Is Closing the Gap possible without constitutional reform?

My colleague, Dr Ruth Armstrong, in a Croakey article in October, raised the issue of how a government that says it is committed to “listening to, and working with Aboriginal and Torres Strait Islander peoples” cannot then prioritise a response to the request for voice, treaty and truth, articulated in the Uluru Statement from the Heart.

She asks the salient question: is Closing the Gap possible without constitutional reform?

As I am writing this Health Wrap, I hear that the Joint Select Committee on Constitutional Recognition relating to Aboriginal and Torres Strait Islander Peoples has handed down its final report. The Committee endorses the proposal for an Indigenous Voice and recommends a process of co-design between government and First Nations peoples to determine the detail and to conclude within the term of the 46th Parliament. 

You can read some of the early responses to the report here and here. 

Recent Australian Institute of Health and Welfare reports on Indigenous issues 

This month the AIHW released two new reports on Indigenous health and wellbeing. They highlight that there has been progress (albeit slow) but there is so much more that must be done to Close the Gap. My summaries follow.

National Key Performance Indicator for Aboriginal and Torres Strait Islander primary health care: results for 2017.

This fifth national report on the national Key Performance Indicators data collection is based on data from 231 primary health care organisations that receive Department of Health funding to provide services primarily to Indigenous Australians.

Information is presented for, for 24 ‘process-of-care’ and ‘health outcome’ indicators, focusing on maternal and child health, preventative health, and chronic disease management. 

The good news:

  • Improvement were seen in 12 of the 15 process-of-care measures and in 4 of the 8 outcome measures.

The bad news (the report calls it the “things to work on”)

  • There were no improvements in three important process-of-care indicators – glycated haemoglobin (HbA1c) result recorded; cervical screening; and MBS health assessment for those aged 0–4 years. 
  • There were no improvements in three outcome measures – HbA1c result of 7% or less; low birthweight; and smoking status of women who gave birth in the previous 12 months.

The way in which these data are collected has changed over time and the June 2017 collection represents a new baseline for the collection. It is to be hoped that this is now a stable baseline so  that the substantial amount of data collected can be used to tell the story of progress over time.

Aboriginal and Torres Strait Islander adolescent and youth health and wellbeing 2018

The Aboriginal and Torres Strait Islander adolescent and youth health and wellbeing 2018 report has data on the health and wellbeing of Indigenous people aged 10–24 and  also examines differences between young Indigenous and non-Indigenous people on key measures.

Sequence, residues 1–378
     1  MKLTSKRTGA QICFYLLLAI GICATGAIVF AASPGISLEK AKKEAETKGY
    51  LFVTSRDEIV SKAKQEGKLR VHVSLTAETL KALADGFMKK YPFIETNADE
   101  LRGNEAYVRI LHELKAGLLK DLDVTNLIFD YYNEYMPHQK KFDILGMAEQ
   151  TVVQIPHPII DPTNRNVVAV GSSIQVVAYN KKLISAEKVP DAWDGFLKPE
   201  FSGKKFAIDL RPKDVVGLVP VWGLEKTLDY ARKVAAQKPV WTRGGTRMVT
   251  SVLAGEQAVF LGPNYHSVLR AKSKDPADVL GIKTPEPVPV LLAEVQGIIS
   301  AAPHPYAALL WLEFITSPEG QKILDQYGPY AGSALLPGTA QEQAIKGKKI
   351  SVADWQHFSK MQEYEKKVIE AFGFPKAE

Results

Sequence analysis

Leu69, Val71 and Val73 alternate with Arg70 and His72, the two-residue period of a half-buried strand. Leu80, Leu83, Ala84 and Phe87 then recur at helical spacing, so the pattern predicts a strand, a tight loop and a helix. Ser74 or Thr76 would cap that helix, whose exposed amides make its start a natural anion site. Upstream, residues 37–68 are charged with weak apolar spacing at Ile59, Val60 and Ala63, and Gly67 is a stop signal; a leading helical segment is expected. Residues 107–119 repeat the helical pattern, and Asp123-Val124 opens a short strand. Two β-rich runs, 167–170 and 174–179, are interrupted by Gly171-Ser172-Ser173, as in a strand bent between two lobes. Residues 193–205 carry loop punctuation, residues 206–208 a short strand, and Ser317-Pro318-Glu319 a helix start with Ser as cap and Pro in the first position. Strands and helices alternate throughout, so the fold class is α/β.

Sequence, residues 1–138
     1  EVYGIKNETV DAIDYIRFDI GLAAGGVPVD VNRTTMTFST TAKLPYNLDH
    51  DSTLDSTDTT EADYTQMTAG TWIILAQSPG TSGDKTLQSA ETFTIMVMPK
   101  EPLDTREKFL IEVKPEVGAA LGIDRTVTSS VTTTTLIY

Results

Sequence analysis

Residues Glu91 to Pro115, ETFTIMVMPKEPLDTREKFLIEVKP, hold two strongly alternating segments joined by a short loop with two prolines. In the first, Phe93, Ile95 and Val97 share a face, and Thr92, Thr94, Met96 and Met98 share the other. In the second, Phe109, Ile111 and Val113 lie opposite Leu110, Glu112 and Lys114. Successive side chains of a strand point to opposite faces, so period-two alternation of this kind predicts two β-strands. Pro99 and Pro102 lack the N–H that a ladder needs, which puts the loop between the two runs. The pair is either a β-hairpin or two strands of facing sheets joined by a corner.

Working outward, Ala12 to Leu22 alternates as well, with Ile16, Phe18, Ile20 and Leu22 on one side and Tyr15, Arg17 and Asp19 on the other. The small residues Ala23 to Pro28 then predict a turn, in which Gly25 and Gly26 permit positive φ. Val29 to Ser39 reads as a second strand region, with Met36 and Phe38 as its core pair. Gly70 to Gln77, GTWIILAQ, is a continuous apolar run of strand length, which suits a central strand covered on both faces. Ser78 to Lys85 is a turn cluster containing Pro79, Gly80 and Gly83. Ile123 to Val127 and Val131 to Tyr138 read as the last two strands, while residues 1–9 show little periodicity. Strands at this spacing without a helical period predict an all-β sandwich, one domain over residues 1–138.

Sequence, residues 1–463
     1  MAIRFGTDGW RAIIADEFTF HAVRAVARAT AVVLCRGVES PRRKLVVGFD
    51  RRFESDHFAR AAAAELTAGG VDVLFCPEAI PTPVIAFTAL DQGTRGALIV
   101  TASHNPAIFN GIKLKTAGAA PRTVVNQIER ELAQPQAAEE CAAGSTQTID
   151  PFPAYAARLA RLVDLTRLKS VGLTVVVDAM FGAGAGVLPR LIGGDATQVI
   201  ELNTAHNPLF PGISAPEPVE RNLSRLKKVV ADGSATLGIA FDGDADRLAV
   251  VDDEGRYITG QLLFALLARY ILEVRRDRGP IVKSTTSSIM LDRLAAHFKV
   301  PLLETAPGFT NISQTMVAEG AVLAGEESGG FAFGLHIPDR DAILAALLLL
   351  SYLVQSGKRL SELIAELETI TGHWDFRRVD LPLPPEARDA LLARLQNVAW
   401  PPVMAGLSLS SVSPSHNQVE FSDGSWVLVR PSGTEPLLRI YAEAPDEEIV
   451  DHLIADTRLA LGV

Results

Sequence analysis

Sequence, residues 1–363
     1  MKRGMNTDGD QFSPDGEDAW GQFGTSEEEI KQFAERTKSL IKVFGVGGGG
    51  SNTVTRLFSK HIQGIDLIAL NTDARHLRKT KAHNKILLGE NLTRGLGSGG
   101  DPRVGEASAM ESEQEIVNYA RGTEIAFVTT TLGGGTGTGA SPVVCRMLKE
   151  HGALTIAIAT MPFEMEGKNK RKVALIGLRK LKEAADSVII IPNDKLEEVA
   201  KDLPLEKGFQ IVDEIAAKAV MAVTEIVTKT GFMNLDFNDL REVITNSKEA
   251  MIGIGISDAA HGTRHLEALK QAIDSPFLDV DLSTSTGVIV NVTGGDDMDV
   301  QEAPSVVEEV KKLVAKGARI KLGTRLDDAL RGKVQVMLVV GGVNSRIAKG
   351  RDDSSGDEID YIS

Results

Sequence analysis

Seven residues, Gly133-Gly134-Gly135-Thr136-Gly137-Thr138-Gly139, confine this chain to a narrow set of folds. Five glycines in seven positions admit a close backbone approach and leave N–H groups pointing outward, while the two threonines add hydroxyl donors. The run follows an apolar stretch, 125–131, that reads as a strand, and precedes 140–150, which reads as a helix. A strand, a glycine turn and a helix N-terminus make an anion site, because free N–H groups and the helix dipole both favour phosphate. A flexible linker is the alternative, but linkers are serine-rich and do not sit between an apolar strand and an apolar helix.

The good news

  • The proportion of Indigenous people aged 20–24 who had Year 12 or equivalent increased from 47 percent in 2006 to 65 percent in 2016.
  • More than 6 in 10 (61 percent) of Indigenous people aged 10-24 recognised their traditional homelands or traditional country, and over two-thirds (69 percent) had been involved in cultural events in the previous 12 months.

The not-so-good news

  • The proportion of Indigenous people aged 15–24 who smoked daily declined from 45 percent in 2002 to 31 percent in 2014–15. But nearly one-third of young Indigenous people are current daily smokers.
  • Mortality rates for young Indigenous people have fallen; most deaths are potentially avoidable, given timely and effective health care

The bad news

  • In 2016, only around 2 in 5 Indigenous people aged 15–24 were fully engaged in full-time work, full-time study or combining both
  • One third of Indigenous people aged 15–24 (33 percent) experienced high to very high levels of psychological distress in the past month.
  • Suicide and self-inflicted injuries are the leading contributors to the disease burden for young Indigenous people.
  • Almost 9,000 Indigenous people aged 10–17 were on care and protection orders at 30 June 2017 and nearly 8,000 were in out-of-home care. Young Indigenous people continued to be over represented in the justice system, representing 43 percent of young people in youth-justice supervision in 2014–15.

Aboriginal and Torres Strait Islander Stolen Generations and descendants: Numbers, demographic characteristics and selected outcomes

I missed this report when it was released in August.  I include it here in case readers missed it too – it’s too important to ignore.

This report, the first of its kind, fills in a lot of gaps and uncovers a very concerning level of health, social and economic disadvantage across generations. It effectively shows that for members of the Stolen Generations and their descendants there is a “gap within the gap”. More must be done to meet the complex needs of this group of Indigenous Australians.

Read more in this previous Croakey article about the report by Healing Foundation CEO Richard Weston – New report: a call for action to address long-lasting traumas of Stolen Generations policies.


Croakey thanks and acknowledges Dr Lesley Russell for providing this column as a probono service to our readers. You can follow Lesley on Twitter at @LRussellWolpe

Previous editions of The Health Wrap can be read here.